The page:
For your second question, Monster Reborn only works on Fusion, Synchro, Xyz, and Ritual monsters if they were summoned properly first. Keep in mind, there are cards that let you cheat this condition (that say if you summon the Fusion monster with this card, it's treated as a Fusion summon, etc), but you normally must summon it using the in-game mechanic means first before you can reborn it.

Hope I answered your questions ^_^!

David Alzate on October 06, 2018:

when you special summon a monster lets say with a monster reborn card...does the monster only last a turn or are they kept on the field until destroyed again? and does monster reborn work on fusion monsters as well?

cesare911 on August 28, 2018:

If I have guardian koakimeiru in the field, and my opponent activates Lilith effect with lair of darkness in the field, can I still negate the effect or my monster will be already gone?

John pro on August 27, 2018:

If you attack, regardless of if your monster destroys or is destroyed, once the battle is resolved, can you then special summon another monster and keep attacking?

Eg on August 20, 2018:

Why is it that (sometimes) when I play cost down manic card it destroys the monster I was going to play?

Zeron87 (author) on July 04, 2018:

KryWolf: Sorry, but your cousin is right about Obnoxious Celtic Guardian. It's a Continuous effect, so it never technically actives, therefore your Frightfur Sheep's effect during the damage step has no effect on it. Now if you had a card that negated O. Celtic Guardian's effect, like Breakthrough Skill, Forbidden Scripture, or Forbidden Chalice, that would be a different story.

Christian Trovar: Tour Guide does negate its effect... on the field. But when a monster tributes itself to activate an effect, the effect resolves where it ends up, making it so the she-demon's effect follows through in the Graveyard, not on the field. The story would be different if Lilith tributed another monster to search for three Traps: She would then activate AND resolve her effect on the field, so she wouldn't get to search, but if she puts herself in the Grave, she tributed herself as the Cost (remember, you can't negate Costs...) but resolved her effect where she was no longer negated.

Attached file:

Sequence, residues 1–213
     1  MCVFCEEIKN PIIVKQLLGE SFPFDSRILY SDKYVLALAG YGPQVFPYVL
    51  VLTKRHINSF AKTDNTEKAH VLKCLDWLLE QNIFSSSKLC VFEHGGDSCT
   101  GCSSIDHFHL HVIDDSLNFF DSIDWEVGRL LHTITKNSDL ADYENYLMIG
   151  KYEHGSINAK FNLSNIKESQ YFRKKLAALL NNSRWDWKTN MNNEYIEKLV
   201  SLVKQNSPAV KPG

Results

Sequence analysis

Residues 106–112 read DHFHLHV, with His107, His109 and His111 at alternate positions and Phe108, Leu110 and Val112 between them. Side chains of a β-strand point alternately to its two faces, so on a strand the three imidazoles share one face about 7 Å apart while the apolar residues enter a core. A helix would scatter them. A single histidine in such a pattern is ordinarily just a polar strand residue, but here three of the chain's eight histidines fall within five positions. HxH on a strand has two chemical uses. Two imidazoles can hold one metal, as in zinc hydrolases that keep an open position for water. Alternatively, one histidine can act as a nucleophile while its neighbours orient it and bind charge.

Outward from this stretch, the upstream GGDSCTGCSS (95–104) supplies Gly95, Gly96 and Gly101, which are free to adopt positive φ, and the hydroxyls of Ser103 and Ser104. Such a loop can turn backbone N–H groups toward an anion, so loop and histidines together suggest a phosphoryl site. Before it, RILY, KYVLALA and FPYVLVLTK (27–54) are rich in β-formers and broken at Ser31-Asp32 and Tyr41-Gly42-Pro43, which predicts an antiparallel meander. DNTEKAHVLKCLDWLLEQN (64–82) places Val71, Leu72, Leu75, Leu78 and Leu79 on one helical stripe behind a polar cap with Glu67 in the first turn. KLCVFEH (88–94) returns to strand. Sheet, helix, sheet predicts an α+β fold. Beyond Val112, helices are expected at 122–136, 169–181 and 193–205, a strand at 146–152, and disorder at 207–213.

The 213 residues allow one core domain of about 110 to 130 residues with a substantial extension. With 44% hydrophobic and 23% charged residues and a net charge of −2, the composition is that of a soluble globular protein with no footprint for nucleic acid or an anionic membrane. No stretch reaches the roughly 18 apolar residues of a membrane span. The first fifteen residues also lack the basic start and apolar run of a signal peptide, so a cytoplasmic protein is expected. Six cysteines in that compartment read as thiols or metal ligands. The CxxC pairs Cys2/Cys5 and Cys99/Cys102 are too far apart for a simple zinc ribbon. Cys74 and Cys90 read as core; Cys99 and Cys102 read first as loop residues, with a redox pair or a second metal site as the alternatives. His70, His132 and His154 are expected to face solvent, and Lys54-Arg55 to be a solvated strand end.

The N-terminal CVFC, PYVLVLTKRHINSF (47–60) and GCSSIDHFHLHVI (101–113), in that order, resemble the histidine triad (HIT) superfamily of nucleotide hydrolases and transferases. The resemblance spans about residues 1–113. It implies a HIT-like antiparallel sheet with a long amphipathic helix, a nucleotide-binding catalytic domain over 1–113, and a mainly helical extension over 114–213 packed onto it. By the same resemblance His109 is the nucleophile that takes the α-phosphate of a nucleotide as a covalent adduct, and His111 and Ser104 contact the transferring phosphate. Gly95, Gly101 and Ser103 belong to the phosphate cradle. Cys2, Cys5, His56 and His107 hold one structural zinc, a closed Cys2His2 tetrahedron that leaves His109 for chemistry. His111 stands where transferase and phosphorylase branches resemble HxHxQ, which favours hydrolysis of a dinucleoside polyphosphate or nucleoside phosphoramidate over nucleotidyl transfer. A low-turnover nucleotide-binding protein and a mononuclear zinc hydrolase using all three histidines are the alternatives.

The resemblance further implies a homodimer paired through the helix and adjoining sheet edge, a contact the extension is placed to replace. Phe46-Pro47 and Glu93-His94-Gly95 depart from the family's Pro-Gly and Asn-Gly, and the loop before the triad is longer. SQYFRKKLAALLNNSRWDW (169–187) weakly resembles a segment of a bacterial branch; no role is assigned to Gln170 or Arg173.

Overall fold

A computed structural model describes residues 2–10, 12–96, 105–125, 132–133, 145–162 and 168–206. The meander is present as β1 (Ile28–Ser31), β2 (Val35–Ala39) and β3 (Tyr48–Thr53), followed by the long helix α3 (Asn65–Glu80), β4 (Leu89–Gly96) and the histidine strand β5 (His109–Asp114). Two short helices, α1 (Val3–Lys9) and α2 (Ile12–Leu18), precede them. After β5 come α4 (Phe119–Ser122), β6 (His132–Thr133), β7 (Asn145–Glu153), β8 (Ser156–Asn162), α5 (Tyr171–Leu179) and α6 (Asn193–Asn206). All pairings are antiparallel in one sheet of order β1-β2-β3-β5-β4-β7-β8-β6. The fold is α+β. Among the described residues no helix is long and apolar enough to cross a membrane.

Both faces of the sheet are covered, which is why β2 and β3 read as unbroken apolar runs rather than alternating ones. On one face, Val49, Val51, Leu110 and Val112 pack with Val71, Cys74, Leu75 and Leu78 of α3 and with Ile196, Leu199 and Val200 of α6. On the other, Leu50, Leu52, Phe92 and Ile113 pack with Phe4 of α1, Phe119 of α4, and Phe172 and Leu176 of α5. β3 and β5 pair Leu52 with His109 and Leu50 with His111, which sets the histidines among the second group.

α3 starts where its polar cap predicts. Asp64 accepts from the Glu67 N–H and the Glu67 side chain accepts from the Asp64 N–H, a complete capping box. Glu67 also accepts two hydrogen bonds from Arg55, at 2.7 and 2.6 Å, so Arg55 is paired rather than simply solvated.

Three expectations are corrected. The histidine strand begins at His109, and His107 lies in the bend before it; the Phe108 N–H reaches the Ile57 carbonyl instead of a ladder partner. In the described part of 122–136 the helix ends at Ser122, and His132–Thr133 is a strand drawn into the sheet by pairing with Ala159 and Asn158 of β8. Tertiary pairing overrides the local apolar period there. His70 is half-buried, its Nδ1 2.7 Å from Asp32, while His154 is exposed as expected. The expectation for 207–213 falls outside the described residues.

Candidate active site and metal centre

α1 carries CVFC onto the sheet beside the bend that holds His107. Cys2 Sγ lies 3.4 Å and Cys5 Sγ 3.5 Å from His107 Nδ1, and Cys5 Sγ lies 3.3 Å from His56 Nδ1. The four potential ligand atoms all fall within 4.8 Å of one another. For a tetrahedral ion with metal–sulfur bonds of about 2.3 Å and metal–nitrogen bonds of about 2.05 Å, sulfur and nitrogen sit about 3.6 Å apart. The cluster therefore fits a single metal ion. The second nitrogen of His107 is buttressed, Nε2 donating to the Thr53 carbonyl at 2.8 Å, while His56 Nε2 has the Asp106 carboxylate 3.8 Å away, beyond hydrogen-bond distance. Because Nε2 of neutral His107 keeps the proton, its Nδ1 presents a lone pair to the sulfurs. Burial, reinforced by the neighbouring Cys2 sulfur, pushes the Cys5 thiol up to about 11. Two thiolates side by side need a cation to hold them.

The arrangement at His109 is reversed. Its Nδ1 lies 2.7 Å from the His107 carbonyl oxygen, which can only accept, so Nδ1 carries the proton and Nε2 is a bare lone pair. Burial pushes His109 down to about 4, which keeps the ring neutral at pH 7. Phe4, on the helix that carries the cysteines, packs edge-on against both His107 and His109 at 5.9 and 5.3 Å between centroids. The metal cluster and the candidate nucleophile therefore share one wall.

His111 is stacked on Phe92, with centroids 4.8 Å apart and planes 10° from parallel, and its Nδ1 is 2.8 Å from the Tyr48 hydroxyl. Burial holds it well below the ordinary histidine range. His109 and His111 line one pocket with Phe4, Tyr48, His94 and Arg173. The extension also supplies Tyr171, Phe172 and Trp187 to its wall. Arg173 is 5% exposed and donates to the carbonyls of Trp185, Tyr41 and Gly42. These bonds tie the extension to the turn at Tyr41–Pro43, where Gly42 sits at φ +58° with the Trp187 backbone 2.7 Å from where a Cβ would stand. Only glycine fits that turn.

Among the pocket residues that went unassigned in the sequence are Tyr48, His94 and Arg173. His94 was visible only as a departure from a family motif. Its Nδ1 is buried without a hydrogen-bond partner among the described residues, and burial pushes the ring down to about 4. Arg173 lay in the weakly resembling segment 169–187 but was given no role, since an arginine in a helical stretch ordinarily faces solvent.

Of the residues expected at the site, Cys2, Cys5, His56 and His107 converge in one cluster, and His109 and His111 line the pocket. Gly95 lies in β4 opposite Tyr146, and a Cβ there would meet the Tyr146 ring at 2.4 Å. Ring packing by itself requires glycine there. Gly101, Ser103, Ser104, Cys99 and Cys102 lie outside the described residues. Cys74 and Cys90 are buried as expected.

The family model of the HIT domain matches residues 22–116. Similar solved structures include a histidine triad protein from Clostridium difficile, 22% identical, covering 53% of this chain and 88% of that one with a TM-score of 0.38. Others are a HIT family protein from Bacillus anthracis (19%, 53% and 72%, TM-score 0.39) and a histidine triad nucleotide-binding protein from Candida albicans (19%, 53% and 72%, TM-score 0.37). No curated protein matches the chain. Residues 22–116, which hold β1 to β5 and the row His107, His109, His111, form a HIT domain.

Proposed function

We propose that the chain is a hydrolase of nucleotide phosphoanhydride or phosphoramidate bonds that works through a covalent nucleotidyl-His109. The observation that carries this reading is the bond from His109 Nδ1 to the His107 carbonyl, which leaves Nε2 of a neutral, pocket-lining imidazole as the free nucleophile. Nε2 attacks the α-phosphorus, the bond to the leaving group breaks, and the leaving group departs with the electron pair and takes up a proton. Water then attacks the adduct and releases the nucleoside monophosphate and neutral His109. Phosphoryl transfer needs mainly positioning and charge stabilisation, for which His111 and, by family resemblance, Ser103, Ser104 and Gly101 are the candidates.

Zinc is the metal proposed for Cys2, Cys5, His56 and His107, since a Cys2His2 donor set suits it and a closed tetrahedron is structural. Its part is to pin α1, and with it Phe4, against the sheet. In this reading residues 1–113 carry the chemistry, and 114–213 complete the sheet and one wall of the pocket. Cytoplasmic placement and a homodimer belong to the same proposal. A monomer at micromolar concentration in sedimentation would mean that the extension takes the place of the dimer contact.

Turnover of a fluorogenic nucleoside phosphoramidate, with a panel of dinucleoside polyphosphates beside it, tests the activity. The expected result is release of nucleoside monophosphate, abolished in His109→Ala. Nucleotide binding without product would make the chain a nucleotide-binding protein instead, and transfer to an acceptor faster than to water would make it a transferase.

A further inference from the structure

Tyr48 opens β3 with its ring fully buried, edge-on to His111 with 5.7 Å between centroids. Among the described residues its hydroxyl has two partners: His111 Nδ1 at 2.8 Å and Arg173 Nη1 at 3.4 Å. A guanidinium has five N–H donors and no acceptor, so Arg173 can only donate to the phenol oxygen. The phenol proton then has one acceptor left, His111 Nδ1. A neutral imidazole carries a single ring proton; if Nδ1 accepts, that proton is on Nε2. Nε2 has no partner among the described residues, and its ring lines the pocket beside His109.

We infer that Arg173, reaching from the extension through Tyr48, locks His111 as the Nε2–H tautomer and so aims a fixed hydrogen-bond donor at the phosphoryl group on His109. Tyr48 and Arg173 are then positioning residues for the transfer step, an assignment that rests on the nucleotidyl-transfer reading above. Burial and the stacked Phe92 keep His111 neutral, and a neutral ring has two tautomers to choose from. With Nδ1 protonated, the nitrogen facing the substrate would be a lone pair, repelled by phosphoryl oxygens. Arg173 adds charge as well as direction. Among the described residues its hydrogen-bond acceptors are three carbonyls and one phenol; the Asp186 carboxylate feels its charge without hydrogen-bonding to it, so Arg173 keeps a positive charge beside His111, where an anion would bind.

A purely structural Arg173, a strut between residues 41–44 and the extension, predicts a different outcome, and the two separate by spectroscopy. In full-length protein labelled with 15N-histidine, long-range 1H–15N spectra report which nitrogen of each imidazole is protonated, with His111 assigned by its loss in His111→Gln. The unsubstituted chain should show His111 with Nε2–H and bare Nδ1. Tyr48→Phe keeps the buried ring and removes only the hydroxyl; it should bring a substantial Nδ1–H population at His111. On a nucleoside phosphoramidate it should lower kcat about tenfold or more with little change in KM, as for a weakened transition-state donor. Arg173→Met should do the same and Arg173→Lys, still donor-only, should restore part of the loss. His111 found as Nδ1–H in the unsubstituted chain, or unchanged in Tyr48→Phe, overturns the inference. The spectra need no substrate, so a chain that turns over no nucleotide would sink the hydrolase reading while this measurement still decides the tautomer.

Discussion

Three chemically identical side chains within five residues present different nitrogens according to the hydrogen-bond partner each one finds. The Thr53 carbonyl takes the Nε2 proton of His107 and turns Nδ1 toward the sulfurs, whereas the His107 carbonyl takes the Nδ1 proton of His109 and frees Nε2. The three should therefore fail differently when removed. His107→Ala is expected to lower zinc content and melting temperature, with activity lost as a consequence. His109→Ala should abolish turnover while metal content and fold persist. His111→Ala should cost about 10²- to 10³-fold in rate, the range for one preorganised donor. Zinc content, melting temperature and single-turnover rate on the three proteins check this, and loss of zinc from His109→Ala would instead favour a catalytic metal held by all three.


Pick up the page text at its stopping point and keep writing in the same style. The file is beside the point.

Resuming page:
Cesare: Nah, that's not true. If you negate Lilith's summon (Solemn Warning, Koa'ki Meiru Overload, etc) it technically never hit the field, so he can't activate its effect. Now, if he summons her and if you activate Bottomless Traphole or Torrential Tribute, you didn't negate her summon, so your friend could chain her effect and tribute a Dark monster (including herself) to make you chose 1 out of 3 ways for you to get screwed via annoying Traps.

Hope I answered your questions!

MarshmallonKuriboh on July 03, 2018:

Cesare, I'mm pretty sure that Lilith's effect doesn't go through. If you destroy the monster during its summon, it's effect doesn't go through because you can only activate the effect after the monster is successfully summonec